Going to try going in a little bit of a different direction with this blog to try and update it with content more often (and allow myself some time to digest the things that I'm doing at any given time).
I've been taking a different direction with my editing process as compared to the usual hard line processes I've followed for years. It may very well come down to dissatisfaction with how little I publish lately because the images I'm taking don't necessarily compel me once I get them onto a computer and up on the monitor. They're a joy in the process of the taking, but I often let that joy of the moment fade and thus never produce anything to share. This isn't to say I'm not beating on photos constantly. Quite the contrary, I spend nearly every evening massaging various photos shot within the recent months quite a bit, they simply never go anywhere. Ultimately, though, what is the point of photography if not to share?
I took the following images in Baltimore City back in September while walking the streets with my friends Kevin and Rob around the Federal Hill area. The city can be quite beautiful at night, but I blame my jaded senses for not finding them more interesting. I was trying to capture interesting starbursts in the hard points of light, hence the use of f/11 (which on the micro four-thirds format introduces a bit of softening due to diffraction, a crux in the use of such a small format).
|Olympus OMD E-M1, M. Zuiko 12-40mm f/2.8 at 20mm, f/11, 10".|
|Olympus OMD E-M1, M. Zuiko 12-40mm f/2.8 at 40mm, f/11, 13".|
Despite the availability of over 12 stops of latitude in dynamic range, I rarely ever took advantage of it in my processing. Maybe it was the pixel-peeping realization of added noise or the severe aversion to the look of notorious "clown vomit" HDR. As a result, my images at night rarely ever seemed to capture the breadth of a scene for insistence on heightened contrast. Lately, though, finally getting over my OCD tendencies to only adjust Lightroom sliders in factors of 5 or 10 and actually using them in the fluid manner they're designed to be used, I've more comfortably tapped into the range of tones available in an image, freely experimenting with what was otherwise hidden in nearly-clipped shadows and highlights.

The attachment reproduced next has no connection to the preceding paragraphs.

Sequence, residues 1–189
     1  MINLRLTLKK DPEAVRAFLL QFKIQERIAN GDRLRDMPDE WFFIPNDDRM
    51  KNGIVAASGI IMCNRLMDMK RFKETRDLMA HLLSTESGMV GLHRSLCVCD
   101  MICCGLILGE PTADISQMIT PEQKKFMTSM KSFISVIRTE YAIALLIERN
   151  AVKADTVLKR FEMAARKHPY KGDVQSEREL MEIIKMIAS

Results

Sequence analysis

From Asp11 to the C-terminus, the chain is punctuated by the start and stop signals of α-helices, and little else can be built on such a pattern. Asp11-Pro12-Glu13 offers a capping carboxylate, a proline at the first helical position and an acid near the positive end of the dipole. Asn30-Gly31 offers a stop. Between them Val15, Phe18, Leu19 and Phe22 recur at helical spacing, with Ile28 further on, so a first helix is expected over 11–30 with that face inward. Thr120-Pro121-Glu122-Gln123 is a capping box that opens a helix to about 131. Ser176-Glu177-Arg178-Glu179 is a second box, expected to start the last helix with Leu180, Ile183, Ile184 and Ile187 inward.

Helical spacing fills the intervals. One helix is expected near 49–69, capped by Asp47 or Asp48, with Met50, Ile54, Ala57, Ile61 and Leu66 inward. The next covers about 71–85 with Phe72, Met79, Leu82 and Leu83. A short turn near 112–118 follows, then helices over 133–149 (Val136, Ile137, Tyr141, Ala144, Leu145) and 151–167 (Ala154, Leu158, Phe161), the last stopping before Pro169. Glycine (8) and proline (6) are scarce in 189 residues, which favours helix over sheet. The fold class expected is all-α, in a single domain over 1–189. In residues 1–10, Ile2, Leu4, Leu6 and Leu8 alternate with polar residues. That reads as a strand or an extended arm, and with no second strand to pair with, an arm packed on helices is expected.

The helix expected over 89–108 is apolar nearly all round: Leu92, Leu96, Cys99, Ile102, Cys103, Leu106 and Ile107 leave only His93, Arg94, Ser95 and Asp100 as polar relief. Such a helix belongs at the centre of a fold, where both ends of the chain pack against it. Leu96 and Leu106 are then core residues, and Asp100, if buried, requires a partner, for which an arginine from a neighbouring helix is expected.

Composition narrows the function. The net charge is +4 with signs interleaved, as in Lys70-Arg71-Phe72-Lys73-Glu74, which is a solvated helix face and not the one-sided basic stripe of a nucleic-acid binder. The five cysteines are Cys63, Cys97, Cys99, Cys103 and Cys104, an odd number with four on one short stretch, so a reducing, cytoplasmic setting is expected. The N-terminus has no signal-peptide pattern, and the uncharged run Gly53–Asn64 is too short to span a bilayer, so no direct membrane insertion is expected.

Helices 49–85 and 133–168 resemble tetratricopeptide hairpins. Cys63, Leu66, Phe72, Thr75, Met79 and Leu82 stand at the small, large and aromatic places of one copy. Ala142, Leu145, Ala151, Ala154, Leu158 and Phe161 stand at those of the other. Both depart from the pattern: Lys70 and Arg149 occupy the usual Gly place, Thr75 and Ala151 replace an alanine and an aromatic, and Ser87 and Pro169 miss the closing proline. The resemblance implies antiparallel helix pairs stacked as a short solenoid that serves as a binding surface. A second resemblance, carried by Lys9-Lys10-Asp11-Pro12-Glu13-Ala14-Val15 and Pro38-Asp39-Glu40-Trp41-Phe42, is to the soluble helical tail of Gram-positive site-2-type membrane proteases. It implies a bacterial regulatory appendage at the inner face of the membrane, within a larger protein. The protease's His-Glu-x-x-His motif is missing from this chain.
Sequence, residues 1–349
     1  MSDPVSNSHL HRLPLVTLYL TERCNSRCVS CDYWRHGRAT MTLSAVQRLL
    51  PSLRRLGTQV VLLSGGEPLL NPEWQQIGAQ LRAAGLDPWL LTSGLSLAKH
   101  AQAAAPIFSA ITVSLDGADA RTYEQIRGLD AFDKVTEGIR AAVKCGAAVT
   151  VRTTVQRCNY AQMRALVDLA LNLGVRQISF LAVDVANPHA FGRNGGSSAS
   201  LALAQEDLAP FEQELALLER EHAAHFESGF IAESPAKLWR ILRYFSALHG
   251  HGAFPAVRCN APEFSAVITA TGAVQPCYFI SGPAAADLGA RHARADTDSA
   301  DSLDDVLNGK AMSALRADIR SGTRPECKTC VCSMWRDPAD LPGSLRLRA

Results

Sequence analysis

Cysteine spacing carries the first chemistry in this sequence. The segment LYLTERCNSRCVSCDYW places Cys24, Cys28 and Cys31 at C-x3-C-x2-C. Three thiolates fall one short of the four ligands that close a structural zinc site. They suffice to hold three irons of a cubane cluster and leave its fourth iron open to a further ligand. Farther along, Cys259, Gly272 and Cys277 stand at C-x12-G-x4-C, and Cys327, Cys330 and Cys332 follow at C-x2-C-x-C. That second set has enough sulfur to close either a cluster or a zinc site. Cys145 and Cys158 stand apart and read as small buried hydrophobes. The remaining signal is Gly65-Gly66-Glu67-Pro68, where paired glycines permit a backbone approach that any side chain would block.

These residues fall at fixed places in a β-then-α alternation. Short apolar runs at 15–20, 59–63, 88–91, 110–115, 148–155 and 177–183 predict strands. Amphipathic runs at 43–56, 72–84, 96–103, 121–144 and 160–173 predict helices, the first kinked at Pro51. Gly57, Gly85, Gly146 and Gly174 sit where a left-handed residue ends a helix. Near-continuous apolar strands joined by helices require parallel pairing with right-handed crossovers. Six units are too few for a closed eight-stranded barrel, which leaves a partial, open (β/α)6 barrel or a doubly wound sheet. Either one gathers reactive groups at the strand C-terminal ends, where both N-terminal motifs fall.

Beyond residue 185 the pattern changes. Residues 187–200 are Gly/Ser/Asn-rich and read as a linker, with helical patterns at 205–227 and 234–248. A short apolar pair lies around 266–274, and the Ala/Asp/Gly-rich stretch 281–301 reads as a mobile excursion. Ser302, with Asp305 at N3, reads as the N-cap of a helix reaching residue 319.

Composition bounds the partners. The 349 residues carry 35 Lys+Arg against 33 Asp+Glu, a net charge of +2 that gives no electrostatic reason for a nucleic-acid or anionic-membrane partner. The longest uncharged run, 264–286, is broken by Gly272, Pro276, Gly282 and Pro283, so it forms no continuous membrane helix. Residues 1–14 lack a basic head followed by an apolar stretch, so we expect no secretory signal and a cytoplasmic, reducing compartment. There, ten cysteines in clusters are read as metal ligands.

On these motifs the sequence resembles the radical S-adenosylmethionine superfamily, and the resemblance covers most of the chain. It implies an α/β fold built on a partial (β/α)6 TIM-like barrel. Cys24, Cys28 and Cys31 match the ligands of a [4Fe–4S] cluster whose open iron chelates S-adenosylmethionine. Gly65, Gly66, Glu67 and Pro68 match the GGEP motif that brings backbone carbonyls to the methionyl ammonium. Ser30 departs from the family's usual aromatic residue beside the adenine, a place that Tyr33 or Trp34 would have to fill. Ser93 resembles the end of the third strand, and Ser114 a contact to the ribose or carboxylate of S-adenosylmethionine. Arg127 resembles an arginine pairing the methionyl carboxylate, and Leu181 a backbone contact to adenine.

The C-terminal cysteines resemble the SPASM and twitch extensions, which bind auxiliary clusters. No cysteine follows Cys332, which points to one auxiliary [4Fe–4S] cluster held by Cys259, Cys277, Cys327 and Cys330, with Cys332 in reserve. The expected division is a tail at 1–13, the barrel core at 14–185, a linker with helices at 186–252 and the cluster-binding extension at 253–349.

Frankly, there's a lot there that I just wasn't touching before. The style may be far less "artsy" with heavily lifted blacks and crushed whites in the tone curve, but for sake of a realistic image I find them appealing in much the same way I like the OOC JPG files Olympus' engine produces for my mobile uploads (which still remain my most enjoyed post-processing method to date for the immediacy and ease). And once past the +/- 50 mark on the shadows and highlights sliders, those starbursts I was hunting for took a pretty fantastic shape compared to the gross blobs of light they'd otherwise present.
For this purpose, I've been enjoying the M. Zuiko 12-40mm f/2.8 more and more. Odd, because I once thought the lens would be relegated to a desk cabinet for its overlap with my 17mm f/1.8 and 12mm f/2.0, but with age those primes have lost some spark and re-learning the flexibility of zoom lenses in my real estate work has made me less elitist in my attitudes toward the normal zoom range in general. I may still run to my primes for people photos or candid shooting, but anything laboriously considered (such as a landscape or architectural study) enjoys the freedom to fine-tune composition and framing in a more dynamic fashion than would otherwise be limited by where my feet can take me (alas, I have not yet learned to levitate, nor added a Little Giant ladder to my backpack).
I do find myself annoyed more and more by flare/ghosting, however. It's an unavoidable facet of photography, of course, but my patience for it has dwindled. I once took it to be a facet of the M. Zuiko 7-14mm f/2.8, but having similar experiences with other lenses I'm learning it's a direct result of how I like to include hard sources of light in my photos. Arguably this indicates that I'm simply doing it wrong, photographing a scene that is. In real estate work I've developed methods for negating the issue, but it will always persist in the form of purple blobs in night photos, sometimes treatable with deliberate post work but other times relegating shots to un-rescue-able. First world problems, I suppose... it's likely a very common struggle I've just had the luck to not encounter until recently (or perhaps I simply never noticed it before?).
|Olympus OMD E-M1, M. Zuiko 12-40mm f/2.8 at 34mm, f/11, 10".|
Anywho, I'm going to try and keep steadfast in posting images I've worked on in the evenings here on out and pontificate on whats going through my head at that moment. Probably a far more productive use of my time and any readers attention than superficially high-brow commentary on otherwise un-relate-able subject matter forced through my fingertips.